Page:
Working on leave

Checking emails and doing a few hours work on holiday is a common thing these days, but employers could, and should, do something about it by doing more to address workload.

Always On Culture

How can we tackle the always on culture?

I was talking to a relative the other day who lives and works in the US and had been over in the UK briefly for a funeral. We were comparing holiday experiences. He said he usually takes his laptop with him and, after I left him, was off to do 2-3 hours work. I was commiserating as I was just back from a few days visiting a relative who is very fragile and spent at least half the time checking emails and doing work.

It’s not a new thing, of course, that people are increasingly working on their holidays and that work and non-work are merging more and more. To some extent this helps with caring responsibilities and the like, but it also means you never get a total rest, which, with the intensity of work these days, is not a good thing.

My relative and I were talking about how Gen X are working themselves into the ground and how Gen Z seems, in some sense, to be rebelling, although it is hard to generalise. How much of this overwork is leading to drop-out or health issues, we mused. And when people drop out there is more pressure on those who remain, of course. Gen X workers have been in the game for many years. That’s a lot of accumulated knowledge being lost and it takes years for employers to rebuild that knowledge.

Over the week I’ve been away I’ve had emails which demand an urgent response and others which say ‘I know you’re away and don’t look at this until you’re back’. The trouble is I am looking at it because of the urgent stuff and, knowing that the week back will be extremely busy in any event, I’d rather answer it now before the deluge. These days there is the constant threat of being overwhelmed by work and the feeling that you are just one step away from being buried or missing a vital deadline.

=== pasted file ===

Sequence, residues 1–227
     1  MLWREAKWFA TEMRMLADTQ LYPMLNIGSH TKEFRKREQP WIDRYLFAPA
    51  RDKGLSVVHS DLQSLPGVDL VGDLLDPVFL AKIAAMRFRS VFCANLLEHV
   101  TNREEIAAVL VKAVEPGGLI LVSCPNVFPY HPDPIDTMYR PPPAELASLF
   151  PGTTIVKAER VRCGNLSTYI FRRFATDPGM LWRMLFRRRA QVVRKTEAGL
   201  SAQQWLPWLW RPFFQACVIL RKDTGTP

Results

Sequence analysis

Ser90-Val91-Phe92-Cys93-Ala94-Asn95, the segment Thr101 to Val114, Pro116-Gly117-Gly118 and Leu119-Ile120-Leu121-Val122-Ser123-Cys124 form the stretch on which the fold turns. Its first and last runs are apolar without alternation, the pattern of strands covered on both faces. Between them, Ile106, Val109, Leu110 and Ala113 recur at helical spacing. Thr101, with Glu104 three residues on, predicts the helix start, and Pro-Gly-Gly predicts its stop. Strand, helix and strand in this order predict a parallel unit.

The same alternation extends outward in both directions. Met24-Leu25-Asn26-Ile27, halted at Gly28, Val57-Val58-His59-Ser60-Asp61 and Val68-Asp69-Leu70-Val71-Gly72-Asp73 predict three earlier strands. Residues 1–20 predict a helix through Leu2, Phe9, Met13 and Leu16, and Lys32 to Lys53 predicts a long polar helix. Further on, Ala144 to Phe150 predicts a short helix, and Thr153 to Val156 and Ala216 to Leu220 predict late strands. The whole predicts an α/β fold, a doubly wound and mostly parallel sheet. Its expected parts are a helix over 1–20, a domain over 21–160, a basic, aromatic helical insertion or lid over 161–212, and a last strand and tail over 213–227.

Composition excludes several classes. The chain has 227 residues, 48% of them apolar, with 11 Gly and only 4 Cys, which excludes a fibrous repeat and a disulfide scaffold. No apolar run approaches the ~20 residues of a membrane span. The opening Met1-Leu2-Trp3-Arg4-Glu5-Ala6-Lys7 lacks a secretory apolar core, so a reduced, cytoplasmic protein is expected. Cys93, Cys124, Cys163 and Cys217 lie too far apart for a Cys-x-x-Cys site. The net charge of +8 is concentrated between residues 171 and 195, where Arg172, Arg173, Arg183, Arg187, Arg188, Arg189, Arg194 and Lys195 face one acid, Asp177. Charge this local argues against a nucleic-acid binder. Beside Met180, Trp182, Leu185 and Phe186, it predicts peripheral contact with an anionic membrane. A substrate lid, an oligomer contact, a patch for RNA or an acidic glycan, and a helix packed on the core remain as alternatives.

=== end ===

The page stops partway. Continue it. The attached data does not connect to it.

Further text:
It’s not enough to have policies in place about work life balance and to tell people not to work on leave. The main problem is workload and the fact that, for so many people, there is no-one to cover for them when they are away, meaning they have to do two weeks’ worth of work when they take a week off and return to a full inbox. That’s why initiatives like the 4-Day Week are so important. Even if they may not work in all sectors or organisations, they force employers to look at how they can cut back on workload and focus on what matters, for instance, reducing unnecessary meetings or tasks.

In the absence of action by employers, it is up to employees to make it more difficult to be contacted when they are on leave, although that doesn’t address the return deluge problem. My relative is going away in the summer and says for at least part of this time he will be uncontactable. I recall an older relative choosing the most wi-fi less place he could find with poor phone connectivity for part of his leave. He took his laptop – his employer made him – but he had at least a few days when he was cut off from the world. Everyone needs time to switch off. Although many employers talk about mental health these days, the workload issue, which contributes to a significant degree to employee mental wellbeing, is something they can actually do something about if they are willing to rethink how they do things.

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